Regex to split a String on comma outside double quotes.

Suppose you have a string like so:

String str = "abc,foo,c;bar=\"this,demo\",hello\"world,syzygy\"";

and you want to write regex to split this string on comma. Well, no big deal in this. But you would notice that there are some comma inside the double quotes too. Now what if you want to ignore those commas while splitting?

Here’s working code that will do it:

String str = "abc,foo,c;bar=\"this,demo\",hello\"world,syzygy\"";
String[] tokens = str.split(",(?=([^\"]*\"[^\"]*\")*[^\"]*$)");
for (String token: tokens) {

This would give you the following output:


So, what that regex is doing? The trick is to split on commas that are followed by an even number of double quotes (Of course this would work only if the quotes are balanced). Enjoy.

Check whether a String value is convertible to an instance of a Wrapper class given as Class object?

This is the follow up of my answer to this Stack Overflow question. The question goes like this:

Suppose we have a String and a Class<?> object like this:

String string = "true";
Class<?> clazz = Integer.class;

How do we find that the value in string is convertible to an instance of class given by Class<?> clazz or not?

Assumption here is that, we are dealing with wrapper classes. It wouldn’t be that easy(if only possible) to do this for any normal class. Now, considering the fact that, every wrapper class has a method – valueOf(String), that converts a string value to an instance of that wrapper class, we can use some reflection hack to get around with this.

Here’s the working code:

public class ReflectionTest {

    public static void main(String... args) throws InvocationTargetException, IllegalAccessException {

        String string = "24";
        Class<?> clazz = Integer.class;

        Method method = null;

        try {
            method = clazz.getMethod("valueOf", String.class);
        } catch (NoSuchMethodException | SecurityException e) {

        if (method != null) {
            try {
                Object obj = method.invoke(null, string);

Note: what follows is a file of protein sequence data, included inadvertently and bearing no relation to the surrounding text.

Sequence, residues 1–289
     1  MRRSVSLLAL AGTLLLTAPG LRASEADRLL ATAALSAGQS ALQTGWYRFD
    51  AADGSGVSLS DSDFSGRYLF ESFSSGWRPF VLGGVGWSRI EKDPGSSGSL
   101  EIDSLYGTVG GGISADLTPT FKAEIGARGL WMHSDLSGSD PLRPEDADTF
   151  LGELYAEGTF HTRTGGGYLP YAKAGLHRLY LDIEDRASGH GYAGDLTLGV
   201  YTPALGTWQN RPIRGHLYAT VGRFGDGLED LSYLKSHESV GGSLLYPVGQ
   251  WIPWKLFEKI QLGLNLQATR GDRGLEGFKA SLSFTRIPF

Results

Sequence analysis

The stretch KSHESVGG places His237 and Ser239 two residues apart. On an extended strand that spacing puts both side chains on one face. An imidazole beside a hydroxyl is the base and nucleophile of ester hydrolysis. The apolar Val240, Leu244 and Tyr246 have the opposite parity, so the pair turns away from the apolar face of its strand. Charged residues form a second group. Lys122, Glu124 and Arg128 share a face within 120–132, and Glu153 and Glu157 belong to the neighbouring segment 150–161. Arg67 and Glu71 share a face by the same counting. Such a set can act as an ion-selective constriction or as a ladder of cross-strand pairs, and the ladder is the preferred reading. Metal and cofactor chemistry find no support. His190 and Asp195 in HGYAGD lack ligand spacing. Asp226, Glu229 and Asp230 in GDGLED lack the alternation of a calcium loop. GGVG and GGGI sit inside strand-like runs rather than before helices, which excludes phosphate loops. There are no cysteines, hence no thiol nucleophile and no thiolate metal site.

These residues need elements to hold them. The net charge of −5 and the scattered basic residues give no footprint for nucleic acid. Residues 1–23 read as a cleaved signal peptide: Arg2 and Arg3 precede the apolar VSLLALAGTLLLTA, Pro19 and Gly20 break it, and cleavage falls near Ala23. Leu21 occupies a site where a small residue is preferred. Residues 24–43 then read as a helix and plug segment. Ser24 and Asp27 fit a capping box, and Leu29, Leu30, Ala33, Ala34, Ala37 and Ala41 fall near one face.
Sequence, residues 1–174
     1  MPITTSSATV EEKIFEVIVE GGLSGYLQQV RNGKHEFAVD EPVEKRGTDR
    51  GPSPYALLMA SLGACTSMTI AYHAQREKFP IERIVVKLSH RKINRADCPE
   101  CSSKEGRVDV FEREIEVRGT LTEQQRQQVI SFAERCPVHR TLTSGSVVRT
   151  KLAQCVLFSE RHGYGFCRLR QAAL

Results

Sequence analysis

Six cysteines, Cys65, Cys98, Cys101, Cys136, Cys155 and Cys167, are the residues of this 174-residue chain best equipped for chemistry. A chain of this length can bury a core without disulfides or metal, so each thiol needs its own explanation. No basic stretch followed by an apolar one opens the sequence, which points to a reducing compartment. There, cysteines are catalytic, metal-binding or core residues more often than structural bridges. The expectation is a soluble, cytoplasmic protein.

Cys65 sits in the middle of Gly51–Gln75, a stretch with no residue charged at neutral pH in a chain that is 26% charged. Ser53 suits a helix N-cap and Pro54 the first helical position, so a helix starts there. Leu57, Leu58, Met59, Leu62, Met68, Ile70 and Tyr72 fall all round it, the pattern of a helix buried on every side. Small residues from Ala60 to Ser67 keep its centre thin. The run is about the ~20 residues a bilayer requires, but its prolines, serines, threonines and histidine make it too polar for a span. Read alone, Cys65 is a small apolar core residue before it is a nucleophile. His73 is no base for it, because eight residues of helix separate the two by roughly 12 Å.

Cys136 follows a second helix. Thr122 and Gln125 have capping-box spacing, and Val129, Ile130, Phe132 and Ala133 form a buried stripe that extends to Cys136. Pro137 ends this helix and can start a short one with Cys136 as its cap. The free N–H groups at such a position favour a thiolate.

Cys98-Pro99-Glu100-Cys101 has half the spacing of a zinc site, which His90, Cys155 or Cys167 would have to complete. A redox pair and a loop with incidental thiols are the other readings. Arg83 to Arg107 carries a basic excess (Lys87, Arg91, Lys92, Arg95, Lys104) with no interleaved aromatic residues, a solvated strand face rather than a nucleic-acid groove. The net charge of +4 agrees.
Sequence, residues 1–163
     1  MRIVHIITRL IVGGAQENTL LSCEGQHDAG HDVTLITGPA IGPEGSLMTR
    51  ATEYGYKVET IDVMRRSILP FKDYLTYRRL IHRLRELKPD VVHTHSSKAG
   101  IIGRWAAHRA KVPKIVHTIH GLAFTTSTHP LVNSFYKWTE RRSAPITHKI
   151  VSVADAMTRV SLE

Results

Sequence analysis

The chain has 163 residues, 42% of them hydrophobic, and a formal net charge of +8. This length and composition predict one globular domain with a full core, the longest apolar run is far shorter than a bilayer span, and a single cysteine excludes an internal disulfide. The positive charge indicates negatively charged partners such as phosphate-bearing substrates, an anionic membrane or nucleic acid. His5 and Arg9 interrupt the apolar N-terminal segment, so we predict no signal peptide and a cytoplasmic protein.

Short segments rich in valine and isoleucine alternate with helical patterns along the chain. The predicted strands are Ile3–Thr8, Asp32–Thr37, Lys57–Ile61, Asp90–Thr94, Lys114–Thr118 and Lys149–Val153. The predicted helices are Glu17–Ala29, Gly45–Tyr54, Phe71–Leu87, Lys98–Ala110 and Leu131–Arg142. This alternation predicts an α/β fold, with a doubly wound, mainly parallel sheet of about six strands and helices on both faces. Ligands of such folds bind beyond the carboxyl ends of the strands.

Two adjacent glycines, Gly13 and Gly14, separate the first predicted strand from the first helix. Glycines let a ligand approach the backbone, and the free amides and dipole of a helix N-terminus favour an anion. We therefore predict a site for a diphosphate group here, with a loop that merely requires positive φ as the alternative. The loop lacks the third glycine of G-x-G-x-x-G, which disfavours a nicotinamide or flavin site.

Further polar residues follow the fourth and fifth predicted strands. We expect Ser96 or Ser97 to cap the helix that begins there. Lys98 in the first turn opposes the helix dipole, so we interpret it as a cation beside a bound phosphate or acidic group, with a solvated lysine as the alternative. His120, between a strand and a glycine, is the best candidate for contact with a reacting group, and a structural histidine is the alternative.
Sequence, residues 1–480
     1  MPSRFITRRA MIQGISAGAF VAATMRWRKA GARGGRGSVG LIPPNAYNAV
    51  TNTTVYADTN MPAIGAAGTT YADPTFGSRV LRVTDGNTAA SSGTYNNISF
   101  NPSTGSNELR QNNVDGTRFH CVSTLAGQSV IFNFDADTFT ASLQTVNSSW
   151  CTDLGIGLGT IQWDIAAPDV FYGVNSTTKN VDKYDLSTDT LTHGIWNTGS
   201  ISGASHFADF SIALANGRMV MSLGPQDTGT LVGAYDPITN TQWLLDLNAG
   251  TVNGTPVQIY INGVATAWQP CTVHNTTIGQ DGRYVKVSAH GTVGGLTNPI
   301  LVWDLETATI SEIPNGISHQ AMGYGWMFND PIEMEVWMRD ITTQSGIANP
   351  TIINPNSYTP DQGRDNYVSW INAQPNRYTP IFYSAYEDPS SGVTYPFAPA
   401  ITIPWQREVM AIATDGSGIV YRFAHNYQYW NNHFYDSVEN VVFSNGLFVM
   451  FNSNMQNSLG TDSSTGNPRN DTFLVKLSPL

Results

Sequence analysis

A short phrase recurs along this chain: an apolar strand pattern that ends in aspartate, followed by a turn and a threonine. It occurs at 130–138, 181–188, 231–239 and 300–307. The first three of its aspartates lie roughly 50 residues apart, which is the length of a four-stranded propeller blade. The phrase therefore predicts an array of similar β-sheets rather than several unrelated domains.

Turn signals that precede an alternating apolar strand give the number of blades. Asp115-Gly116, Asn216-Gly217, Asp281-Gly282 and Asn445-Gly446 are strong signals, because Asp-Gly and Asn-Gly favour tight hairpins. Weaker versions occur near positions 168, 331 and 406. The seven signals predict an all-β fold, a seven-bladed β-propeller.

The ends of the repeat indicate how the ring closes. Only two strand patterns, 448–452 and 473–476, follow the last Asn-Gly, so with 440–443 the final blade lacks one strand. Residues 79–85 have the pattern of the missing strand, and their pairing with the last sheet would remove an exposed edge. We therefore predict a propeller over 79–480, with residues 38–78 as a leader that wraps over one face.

System.out.println("String value converted to " +
                                   clazz.getSimpleName() +
                                   " instance: " + obj);

            } catch (IllegalArgumentException ex) {
                System.out.println("Failure : " + string +
                                   " is not of type " +

Assuming that there is no SecurityManager to prevent you from running this code, it will print:

String value converted to Integer instance: 24

So, what is that code actually doing? We’ll understand it step by step in the following paragraph.

We already have the Class object for Integer.class class. If you look at the Integer class, or any other wrapper classes, they have a static method – valueOf(String), which creates that wrapper class instance from passed String, and throws NumberFormatException if the string cannot be converted to the wrapper class instance.

We then use Class#getMethod(String, Class<?>...) method to get a Method instance for valueOf method in the following part:

method = clazz.getMethod("valueOf", String.class);

After we have got the Method instance, we try to invoke the method using Method#invoke(Object, Object...) method, passing null as first argument (To invoke a static method, we pass null as first argument), and the given String as second argument. This is done in following part of the code:

Object obj = method.invoke(null, string);

If the method invocation is successful, and the string value can be converted to an Integer, the next statement in the try block is executed, and the success message is printed. Else, if any exception is thrown, the error message in the catch block is printed.

The above code will pass, as the string "24" is parseable to Integer instance. You can try out the code giving an invalid integer value in String, and see if exception is thrown or not.

Final Note: An important point to note here is that for Boolean wrapper, any value other than true will give you a Boolean.FALSE instance. Even the null argument will give false. The Boolean#valueOf(String) method doesn’t throw any exception.